Environmental terrorism, the self-destructive insanity of the human race, multi-national corruption and greed, murder, and a young terminally ill girl with enough love in her heart to risk everything to help a dying fairy.
What inspired you to write this particular story?
The cover art. I did an image of a dying fairy and my wife and I spent a few hours on a beach in Spain talking about what might have killed her, if she was the last of her kind and whether or not we’d even know if the fairies were gone. We have driven many other species to extinction, some with severe environmental consequence. What would be the penalty for this one and are we next? She has been a strong influence in most of my story lines and character development, but this was the first truly joint effort she and I completed and the diversity of the characters and complexity of the story reflects the pair of creative minds merging.
Do you always design your own covers?
Yes. My first publisher had one of his artists try it and I showed them what I wanted. I’ve been doing them ever since. I’ve done a few for other authors.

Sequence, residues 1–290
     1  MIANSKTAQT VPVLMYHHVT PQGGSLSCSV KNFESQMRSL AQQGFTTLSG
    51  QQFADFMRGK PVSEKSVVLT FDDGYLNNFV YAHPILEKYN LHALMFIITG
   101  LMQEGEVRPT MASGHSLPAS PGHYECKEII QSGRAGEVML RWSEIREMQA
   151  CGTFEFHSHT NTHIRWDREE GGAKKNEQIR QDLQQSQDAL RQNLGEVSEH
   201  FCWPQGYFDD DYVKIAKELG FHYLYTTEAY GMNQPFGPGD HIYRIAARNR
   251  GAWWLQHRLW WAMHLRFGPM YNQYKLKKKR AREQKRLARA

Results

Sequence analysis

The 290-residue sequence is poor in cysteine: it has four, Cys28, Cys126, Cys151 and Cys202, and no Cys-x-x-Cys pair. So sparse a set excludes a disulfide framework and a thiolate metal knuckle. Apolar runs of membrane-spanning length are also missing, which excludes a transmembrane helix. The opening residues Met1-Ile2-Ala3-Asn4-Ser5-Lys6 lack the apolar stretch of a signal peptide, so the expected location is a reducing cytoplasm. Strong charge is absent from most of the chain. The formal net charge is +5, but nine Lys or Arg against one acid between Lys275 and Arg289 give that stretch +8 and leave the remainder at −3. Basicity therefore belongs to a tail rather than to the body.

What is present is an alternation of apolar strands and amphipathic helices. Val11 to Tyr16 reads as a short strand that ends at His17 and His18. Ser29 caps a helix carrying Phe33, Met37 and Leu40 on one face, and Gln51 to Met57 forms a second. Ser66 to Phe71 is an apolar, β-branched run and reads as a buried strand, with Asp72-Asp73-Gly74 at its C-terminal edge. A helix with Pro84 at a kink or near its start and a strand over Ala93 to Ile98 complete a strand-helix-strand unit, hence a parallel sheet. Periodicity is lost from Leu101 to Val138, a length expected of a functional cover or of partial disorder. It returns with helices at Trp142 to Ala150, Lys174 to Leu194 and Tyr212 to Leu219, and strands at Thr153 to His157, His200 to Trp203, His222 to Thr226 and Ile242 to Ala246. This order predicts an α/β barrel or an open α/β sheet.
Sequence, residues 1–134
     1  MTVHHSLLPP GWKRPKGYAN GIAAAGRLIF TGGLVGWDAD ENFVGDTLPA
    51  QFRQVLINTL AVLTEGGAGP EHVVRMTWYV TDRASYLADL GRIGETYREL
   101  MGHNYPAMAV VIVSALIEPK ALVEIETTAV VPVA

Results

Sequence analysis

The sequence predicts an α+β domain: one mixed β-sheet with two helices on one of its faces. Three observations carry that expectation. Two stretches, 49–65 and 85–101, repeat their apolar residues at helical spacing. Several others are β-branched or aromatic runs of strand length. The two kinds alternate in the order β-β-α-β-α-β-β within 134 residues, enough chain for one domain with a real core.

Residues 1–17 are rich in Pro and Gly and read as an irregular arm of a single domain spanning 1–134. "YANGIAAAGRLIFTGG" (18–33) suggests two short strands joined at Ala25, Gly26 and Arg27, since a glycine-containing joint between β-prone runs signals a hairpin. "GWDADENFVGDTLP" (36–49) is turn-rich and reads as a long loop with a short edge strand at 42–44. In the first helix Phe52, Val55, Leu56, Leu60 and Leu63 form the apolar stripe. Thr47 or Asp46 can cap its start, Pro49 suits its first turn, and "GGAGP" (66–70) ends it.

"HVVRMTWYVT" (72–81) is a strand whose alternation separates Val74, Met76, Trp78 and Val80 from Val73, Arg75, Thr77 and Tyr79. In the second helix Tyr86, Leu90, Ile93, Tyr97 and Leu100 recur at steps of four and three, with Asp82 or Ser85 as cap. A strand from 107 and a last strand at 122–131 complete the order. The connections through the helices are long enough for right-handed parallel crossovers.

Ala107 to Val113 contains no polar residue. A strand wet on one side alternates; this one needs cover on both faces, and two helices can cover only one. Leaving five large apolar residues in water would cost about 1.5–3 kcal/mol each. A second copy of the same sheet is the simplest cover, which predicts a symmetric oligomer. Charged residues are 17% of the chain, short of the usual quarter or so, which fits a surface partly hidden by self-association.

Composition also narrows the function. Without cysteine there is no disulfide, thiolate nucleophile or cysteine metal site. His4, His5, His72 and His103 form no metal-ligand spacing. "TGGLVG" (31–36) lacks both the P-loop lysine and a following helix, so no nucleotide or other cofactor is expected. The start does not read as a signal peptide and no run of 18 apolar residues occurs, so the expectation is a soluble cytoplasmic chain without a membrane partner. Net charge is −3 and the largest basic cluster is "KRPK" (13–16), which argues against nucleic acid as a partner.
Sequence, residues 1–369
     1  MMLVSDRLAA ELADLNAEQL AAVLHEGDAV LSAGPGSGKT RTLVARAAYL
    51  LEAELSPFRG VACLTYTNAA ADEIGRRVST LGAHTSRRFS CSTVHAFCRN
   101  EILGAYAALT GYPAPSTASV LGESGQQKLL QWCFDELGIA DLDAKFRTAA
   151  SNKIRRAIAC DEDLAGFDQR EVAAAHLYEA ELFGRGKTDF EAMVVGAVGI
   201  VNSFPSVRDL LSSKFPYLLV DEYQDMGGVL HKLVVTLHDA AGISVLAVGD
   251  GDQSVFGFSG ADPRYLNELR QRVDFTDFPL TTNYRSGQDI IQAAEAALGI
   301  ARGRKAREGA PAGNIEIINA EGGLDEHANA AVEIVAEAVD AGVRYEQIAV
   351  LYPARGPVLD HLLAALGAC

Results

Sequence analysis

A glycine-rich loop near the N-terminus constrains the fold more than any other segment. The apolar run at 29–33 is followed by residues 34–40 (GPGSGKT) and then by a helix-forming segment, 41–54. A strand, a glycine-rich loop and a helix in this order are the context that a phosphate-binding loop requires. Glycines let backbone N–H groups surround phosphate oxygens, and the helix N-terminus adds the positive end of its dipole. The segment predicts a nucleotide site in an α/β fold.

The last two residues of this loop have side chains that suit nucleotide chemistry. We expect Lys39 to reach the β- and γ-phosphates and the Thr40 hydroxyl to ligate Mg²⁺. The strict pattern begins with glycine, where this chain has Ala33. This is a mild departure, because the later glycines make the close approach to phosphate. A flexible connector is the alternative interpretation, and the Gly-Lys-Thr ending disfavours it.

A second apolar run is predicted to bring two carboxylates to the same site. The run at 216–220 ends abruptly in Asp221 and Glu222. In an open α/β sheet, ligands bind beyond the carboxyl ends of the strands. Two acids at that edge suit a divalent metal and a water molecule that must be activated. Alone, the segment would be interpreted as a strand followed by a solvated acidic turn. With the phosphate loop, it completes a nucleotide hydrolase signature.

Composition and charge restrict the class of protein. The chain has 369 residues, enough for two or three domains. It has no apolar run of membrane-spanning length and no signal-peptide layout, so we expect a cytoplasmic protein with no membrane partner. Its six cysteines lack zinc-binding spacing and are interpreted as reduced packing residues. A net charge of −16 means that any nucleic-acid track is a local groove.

Tell us a little about your main characters. Who was your favorite? Why?
This story has so many strong characters, the mysterious stranger with the rapier wit, the hard-nosed detective with the dark past, the cruel mother and the devoted father who was creative to a fault. But I think my favorite has to be Karen Gabriel. She started out as a cold and fiercely driven loner but evolved into a passionate, adventurous heroine, retaining the intelligence, drive and incorruptible spirit of the original character and adding to it with concern for the environment and for people she didn’t even know, for passion and love of companionship, and a willingness to embrace the worst of her past and use it to grow. Her journey leaves me wondering what she’ll do next.